Indian origin researchers say exercise won't erase old memories in brain
Exercise causes the formation of new neurons in a critical brain region which does not erases old memories, according to a study conducted by an...
New York: Exercise causes the formation of new neurons in a critical brain region which does not erases old memories, according to a study conducted by an Indian-origin researchers.
Exercise causes neurogenesis in the hippocampus - key brain region for learning, memory and mood regulation.
It was surprising when a previous study conducted on mice, revealed that presence of far more neurogenesis in brain seemed to erase memories that were formed before and on removal of extra neurons which enabled mice to remember old memories.
"The mice who exercised had a large number of new neurons but somehow that seemed to break down the old connections, making them forget what they knew," said Ashok K. Shetty, Professor, Texas A and M College of Medicine Department of Molecular and Cellular Medicine in the study, published in the Journal of Neuroscience.
The team decided to replicate the research using rats instead of mice. Rats are considered to be more like humans physiologically, with more-similar neuronal workings.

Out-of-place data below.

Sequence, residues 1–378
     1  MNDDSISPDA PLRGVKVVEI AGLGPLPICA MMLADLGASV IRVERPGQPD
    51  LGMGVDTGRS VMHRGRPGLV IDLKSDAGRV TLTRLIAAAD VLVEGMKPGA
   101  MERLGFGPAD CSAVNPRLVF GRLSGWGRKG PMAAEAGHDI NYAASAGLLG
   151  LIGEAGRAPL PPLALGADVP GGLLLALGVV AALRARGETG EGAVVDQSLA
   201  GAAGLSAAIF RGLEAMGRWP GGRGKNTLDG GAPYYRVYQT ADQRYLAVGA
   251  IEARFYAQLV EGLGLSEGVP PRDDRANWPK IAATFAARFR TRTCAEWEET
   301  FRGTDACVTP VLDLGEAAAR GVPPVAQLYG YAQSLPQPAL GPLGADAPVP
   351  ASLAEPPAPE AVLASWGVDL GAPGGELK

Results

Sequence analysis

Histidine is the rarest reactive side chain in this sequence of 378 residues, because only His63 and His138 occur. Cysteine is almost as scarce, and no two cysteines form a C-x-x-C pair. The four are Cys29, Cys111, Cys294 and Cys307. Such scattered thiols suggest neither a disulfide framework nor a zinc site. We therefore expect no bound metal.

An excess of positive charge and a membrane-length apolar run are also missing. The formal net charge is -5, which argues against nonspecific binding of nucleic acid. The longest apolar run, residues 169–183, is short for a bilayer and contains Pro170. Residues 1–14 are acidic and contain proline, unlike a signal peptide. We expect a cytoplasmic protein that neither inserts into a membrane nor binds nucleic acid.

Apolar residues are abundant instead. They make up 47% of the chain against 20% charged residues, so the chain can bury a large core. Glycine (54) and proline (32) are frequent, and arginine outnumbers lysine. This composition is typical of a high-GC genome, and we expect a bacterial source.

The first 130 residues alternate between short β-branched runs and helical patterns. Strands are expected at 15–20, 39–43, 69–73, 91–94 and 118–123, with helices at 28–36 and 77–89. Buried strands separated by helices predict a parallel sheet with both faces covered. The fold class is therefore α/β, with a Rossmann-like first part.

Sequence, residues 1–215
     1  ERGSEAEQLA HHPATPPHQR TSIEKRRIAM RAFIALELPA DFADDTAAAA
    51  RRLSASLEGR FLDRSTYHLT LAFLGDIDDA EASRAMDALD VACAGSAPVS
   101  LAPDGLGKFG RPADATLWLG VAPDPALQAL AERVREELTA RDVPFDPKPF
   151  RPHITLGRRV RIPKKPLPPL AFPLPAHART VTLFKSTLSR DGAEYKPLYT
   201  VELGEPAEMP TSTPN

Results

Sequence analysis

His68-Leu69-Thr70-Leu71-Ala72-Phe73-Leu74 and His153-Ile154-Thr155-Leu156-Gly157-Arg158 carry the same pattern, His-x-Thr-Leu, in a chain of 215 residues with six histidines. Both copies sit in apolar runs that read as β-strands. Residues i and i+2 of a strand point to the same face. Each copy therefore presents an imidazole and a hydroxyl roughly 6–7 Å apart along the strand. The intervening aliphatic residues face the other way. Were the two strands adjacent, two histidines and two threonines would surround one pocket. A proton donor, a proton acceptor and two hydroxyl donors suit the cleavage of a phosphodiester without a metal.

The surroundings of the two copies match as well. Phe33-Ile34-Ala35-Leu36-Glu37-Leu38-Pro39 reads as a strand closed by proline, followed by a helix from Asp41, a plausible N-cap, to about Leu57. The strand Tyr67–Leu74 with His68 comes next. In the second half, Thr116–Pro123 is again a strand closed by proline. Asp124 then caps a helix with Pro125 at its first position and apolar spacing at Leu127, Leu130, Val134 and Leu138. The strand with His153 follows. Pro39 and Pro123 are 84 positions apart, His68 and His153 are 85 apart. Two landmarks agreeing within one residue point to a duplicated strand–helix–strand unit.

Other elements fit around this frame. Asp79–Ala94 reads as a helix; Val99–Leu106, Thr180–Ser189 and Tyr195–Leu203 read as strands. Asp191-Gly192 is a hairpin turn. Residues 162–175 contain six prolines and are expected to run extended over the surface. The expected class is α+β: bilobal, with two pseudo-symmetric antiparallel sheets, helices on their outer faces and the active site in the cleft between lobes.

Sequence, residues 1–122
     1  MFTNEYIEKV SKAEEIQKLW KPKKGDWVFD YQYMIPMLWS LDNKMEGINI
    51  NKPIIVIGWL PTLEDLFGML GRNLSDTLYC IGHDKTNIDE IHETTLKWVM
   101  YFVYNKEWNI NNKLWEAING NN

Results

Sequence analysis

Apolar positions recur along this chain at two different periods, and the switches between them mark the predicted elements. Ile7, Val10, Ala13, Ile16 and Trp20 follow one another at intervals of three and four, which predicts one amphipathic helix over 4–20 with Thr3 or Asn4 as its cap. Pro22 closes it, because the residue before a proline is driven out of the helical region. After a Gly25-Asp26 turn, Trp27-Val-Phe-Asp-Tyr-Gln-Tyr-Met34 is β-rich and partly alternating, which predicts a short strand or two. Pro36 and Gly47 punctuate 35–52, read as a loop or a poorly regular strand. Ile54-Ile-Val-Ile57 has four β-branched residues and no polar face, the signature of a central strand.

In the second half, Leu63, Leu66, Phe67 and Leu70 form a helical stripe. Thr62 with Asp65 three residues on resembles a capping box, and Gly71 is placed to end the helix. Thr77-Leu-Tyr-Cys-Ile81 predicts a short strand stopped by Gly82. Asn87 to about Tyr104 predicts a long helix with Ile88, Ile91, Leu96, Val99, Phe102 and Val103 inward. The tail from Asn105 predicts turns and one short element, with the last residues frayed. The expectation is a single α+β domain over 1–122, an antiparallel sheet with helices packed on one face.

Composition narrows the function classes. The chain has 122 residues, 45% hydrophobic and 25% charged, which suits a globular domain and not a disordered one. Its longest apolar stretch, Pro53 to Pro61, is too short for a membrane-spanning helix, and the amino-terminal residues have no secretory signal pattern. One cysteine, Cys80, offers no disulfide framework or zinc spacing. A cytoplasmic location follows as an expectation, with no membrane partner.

The research on rats showed that these animal models reflected no degradation in memories.
The researchers trained the rats to complete a task over four days, followed by several days of memory consolidation by performing the task over and over again. Then, half the trained animal models were put into cages with running wheels for several weeks, while the control group remained sedentary.
The rats who ran further over the course of that time had much greater neurogenesis in their hippocampus and all rats who accessed a wheel had greater neurogenesis than the sedentary group.
"This is a pretty clear evidence that exercise greatly increases neurogenesis in the hippocampus, which has functional implications. Neurogenesis is important for maintaining normal mood function, as well as for learning and creating new memories," said Maheedhar Kodali, Researcher, Texas A and M University.